Bo London: bonkers but brilliant
The best known fact about Alvin Leung the Hong Kong-based chef who has just opened Bo London is that he serves a dish featuring an edible used condom called Sex on the Beach.*
It says a lot about the man’s genius for grabbing headlines but not much about his cooking which is far more subtle and less gimmicky. Not that there weren’t other surprises in our 16 course tasting menu which featured oysters, caviar, foie gras (for those who eat it), lobster and Wagyu beef.
The standout ones for me were ‘Bed and Breakfast’ - a mouthful of crisp-coated, gooey, smoked quails egg topped with caviar, ‘Cloud’ - mackerel tasted through a cloud of rose-scented smoke (stunning), a tomato-flavoured marshmallow - a summery mouthful of tomato-scented air - and a simple cube of Wagyu beef served in an intensely savoury broth with two potato and chive tortelloni-shaped dumplings. Not since Heston opened The Fat Duck has the UK seen such startlingly original food.
Leung, who is much less shouty and more thoughtful than his public persona suggests - he calls himself ‘the demon chef’ and dubs his cooking Xtreme Chinese - has obviously given a good deal of thought to working in British references. In fact there’s a whole menu of them in the 14 course ‘Ode to Great Britain', a slightly cheaper option than our full tasting menu . I wasn’t mad about his steak and kidney dim sum which suggested he probably hadn’t tasted a good version of the original but a deeply savoury course of Toad in the Hole he gave us to try - a Yorkshire pudding-like dumpling served with bone marrow and a frogs leg - was the biz, especially with a glass of 2006 Margaux.
His pairings were actually spot on, in fact. Although we’d talked before the meal of the difficulty of finding wines to match so many disparate flavours and textures (champagne he reckons is probably the best wine to drink if you’re sticking to one bottle) he produced some wines that were totally delicious with individual dishes. A 2009 Vincent Girardin Meursault, for example, was fantastic with an umami-rich dish of dried shrimp, wild mushrooms, tomato and noodles (not unlike an Italian seafood spaghetti) and a rich dish of butter-poached lobster and roasted corn despite it’s spicy Sichuan kick. A Ruinart blanc de blancs champagne was pitch-perfect with the Bed and Breakfast and Cloud.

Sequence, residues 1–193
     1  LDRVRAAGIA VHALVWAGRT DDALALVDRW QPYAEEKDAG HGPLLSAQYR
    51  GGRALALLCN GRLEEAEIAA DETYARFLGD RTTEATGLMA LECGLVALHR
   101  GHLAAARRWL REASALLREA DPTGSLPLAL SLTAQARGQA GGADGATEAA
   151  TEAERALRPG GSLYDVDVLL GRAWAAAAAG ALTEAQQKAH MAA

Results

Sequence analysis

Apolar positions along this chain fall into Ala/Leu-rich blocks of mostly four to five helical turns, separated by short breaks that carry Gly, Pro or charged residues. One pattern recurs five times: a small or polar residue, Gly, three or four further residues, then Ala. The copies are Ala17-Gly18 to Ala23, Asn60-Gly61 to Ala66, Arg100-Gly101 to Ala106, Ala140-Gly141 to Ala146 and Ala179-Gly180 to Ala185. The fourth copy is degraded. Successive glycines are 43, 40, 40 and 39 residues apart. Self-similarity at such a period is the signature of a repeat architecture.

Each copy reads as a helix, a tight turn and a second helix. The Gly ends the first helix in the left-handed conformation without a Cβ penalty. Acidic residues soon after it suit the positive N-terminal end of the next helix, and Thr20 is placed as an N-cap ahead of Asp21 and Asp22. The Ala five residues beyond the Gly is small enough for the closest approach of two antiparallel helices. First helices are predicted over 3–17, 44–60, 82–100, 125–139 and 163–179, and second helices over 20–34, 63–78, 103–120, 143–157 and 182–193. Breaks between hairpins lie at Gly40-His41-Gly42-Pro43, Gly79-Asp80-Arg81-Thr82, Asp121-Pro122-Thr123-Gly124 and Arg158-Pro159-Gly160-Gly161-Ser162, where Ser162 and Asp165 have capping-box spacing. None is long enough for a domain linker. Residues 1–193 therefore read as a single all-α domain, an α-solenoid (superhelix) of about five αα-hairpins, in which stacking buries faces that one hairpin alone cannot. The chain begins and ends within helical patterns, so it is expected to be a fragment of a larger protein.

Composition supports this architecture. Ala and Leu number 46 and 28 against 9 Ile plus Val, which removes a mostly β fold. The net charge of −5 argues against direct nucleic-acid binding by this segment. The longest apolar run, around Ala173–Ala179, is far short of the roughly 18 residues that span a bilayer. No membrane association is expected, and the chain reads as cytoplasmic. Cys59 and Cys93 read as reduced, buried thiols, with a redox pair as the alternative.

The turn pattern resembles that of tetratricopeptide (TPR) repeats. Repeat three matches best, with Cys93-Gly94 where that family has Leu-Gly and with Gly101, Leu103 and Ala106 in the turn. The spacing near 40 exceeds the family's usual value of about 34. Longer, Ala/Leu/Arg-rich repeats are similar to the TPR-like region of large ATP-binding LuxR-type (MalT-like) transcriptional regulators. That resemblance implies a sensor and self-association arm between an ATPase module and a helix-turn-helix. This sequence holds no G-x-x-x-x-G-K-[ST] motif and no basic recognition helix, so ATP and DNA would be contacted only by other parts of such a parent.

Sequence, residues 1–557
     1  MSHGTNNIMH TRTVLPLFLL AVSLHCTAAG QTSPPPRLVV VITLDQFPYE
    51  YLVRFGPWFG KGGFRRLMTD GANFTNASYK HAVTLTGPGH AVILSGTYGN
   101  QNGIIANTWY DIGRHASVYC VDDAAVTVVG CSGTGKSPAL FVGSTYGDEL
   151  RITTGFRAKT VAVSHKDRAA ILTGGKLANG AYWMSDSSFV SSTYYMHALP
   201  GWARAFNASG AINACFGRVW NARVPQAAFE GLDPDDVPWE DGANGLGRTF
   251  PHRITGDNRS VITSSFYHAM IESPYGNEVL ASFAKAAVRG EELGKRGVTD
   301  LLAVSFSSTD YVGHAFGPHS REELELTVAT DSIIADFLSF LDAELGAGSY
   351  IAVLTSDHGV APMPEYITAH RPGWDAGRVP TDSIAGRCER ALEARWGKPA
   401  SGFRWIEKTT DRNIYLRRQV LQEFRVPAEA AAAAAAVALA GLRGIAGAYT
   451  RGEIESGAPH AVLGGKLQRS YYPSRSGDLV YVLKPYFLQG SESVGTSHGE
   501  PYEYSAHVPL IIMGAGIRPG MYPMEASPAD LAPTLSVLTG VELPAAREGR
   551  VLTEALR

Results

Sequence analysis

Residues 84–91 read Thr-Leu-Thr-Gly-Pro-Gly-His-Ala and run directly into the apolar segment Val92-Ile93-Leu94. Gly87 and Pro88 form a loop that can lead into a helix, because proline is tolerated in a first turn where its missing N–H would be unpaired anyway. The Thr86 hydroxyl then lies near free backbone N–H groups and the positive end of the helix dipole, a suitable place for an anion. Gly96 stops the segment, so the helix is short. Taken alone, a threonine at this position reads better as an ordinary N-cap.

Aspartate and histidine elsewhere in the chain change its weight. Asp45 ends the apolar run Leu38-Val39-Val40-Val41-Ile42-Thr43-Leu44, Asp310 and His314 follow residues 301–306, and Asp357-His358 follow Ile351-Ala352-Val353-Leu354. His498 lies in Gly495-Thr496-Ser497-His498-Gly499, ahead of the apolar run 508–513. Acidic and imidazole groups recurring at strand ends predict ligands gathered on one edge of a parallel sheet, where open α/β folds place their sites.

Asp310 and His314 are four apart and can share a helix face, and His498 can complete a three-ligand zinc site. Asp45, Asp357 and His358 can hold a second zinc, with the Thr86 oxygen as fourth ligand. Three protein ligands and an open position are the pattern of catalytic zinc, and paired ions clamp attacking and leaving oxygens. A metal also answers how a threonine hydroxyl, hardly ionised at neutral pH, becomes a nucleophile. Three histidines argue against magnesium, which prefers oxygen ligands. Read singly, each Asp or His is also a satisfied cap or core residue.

Inevitably not everything hits the mark. A riff on the classic Chinese soup dumpling xiao long bao, where the soup appears to have been jellifed and served on the outside of the dumpling, was a bit weird and I could take or leave the rather bonkers hawthorn bubble tea which you suck up through a straw from a test-tube. But there were also some surprisingly conventional dishes - some great savoury rice and a wicked version of banana fritters made with fried condensed milk that were just plain delicious.
There are aspects of the restaurant that are pretentious. Many courses are served on outlandish dishes - or constructions - that have been designed by Leung, a former engineer. A strange contrast to the rather utilitarian decor and furniture which gives the ‘chefs’ table’ area of the back of the restaurant the feel of a staff canteen. And the music - a ‘best of the 60’s’ round up including Cilla Black’s Alfie - is dire though since Leung thought so too I expect that will have changed by the time you read this.
But the main problem is the cost. At £138 without wine - barring Gordon Ramsay's flagship restaurant at Royal Hospital Road, I think, the most expensive set meal in the city - you could easily be presented with a bill of over £200 a head which must limit the clientele even in London. HIs neighbour Claude Bosi charges ‘only’ £105 for his tasting menu at Hibiscus.
But you can eat at Bo more cheaply at lunchtime if you want to get a flavour of his food. A fixed price dim-sum lunch costs £30 or £35 with a dessert. Otherwise bite the bullet, take care what you order from the wine list and console yourself with the thought that it’s cheaper than flying to Hong Kong . . .
* the condom is made out of algae, its contents from condensed milk and the sand is like a smashed digestive biscuit. Not unpleasant if you can get the original out of your head . . .
Bo London is at 4 Mill Street, London W1S 2AX. Tel: 020 7493 3886. I ate there as a guest of the restaurant. Would I go back and pay my own money? If money were no object, yes but as it is, sadly no. Or not in the evening at any rate.
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